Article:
Female Rhetors

In class today, we briefly touched on the importance of female rhetors and the struggles they go through.  Aspasia was only portrayed through the words of men.  As a result, many of the things that we know about her probably come from misogynistic views of the time.  Today, women have more power to speak in their own right, but that does not mean that society’s outlook on the matter has changed. Meagan gave a great example when she said about the woman who discovered DNA. Even though the calculations were all correct, the male scientists refused to believe it simply because it was a woman who made the discovery.

As a more general example, you can just look to many female authors. J.K. Rowling is a great example. She may be very successful now, but women writers were not taken seriously at the time she was writing Harry Potter; this is why she uses her initials instead. This is a popular theme among female authors who fear their writing may not be taken seriously in the public eye. That’s not to say all women face this, however. In a time when women were not supposed to be writing let alone be involved in any scientific work, Rachel Carson took the world by a storm with Silent Spring; even though she was a woman, that book changed the face of environmentalism and still stands as an inspiration to the environmental movement today. Overall, women may not be taken seriously as much as they should be, but there are many prime examples that you can find of women finding their way through the cracks in one way or another.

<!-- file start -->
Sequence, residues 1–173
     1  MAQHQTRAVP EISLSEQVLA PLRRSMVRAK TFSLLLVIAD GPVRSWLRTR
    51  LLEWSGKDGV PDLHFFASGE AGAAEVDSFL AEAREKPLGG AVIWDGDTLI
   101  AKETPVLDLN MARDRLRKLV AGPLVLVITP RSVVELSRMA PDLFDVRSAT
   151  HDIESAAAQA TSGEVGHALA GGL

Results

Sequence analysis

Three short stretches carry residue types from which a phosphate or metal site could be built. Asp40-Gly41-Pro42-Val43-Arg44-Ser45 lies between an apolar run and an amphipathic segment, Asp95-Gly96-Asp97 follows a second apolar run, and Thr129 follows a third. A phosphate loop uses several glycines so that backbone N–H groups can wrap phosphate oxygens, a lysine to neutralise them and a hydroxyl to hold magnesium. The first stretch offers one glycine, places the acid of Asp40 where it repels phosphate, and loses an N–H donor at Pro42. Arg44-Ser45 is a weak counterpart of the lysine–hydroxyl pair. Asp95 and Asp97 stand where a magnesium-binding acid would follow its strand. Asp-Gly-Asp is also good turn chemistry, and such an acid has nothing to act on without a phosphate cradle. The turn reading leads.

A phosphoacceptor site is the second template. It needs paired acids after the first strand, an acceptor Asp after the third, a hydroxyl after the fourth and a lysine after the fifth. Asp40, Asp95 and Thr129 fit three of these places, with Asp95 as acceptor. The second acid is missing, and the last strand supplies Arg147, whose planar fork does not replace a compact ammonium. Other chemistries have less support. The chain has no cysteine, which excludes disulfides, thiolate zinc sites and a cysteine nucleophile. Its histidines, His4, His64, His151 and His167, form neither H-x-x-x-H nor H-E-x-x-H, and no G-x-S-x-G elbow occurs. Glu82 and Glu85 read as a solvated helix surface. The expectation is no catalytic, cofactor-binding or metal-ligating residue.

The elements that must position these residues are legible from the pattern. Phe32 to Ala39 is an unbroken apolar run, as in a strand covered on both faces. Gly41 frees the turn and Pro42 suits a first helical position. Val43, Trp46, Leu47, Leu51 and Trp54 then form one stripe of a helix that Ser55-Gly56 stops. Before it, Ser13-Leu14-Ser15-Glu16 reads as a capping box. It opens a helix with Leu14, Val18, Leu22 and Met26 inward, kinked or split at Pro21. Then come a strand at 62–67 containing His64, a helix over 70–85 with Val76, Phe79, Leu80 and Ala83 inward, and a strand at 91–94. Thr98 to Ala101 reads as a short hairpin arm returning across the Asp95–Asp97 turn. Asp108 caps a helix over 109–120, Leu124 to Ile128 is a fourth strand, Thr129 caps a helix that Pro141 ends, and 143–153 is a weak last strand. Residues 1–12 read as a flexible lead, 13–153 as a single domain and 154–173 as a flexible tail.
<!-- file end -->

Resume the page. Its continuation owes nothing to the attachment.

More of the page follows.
Truth vs Argument

Much like rhetoric does not need to be tied to persuasion, truth is not married to argument. Rhetoric is an element of your persuasive point and, likewise, truth then is an element of the argument you make. Truth is needed to make an effective argument. However, an argument can be successful without being effective and vise versa. In order for an argument to be effective, it would mean that you gain the support of the other party and switch his or her point of view to match your own. On the other hand, for an argument to be successful, truth must be present. Your argument can be successful without swaying someone to your side.

Sometimes, the way that you structure and present your argument becomes more important than the truth. Truth can be a relative term when it comes to argument because that can open the debate between true knowledge versus public opinion. When thinking about public opinion or even personal opinion, rhetoric and structure are much more important than actual truth. Believing something is true can be important, but it doesn’t matter if you can’t form an effective argument using the art of rhetoric. A good example can be found through social media arguments. Arguments on that platform often times don’t even make a whole lot of sense because the people presenting them don’t put a lot of work into the rhetoric.